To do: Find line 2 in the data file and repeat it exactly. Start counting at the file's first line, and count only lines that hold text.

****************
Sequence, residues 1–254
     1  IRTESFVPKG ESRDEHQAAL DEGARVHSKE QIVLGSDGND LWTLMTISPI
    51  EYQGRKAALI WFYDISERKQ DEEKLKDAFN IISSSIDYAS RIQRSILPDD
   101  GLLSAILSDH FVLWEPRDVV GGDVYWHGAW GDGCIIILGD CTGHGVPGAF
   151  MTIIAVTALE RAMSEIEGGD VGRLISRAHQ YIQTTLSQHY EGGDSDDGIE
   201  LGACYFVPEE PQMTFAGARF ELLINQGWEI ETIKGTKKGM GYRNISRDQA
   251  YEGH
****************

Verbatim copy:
     1  IRTESFVPKG ESRDEHQAAL DEGARVHSKE QIVLGSDGND LWTLMTISPI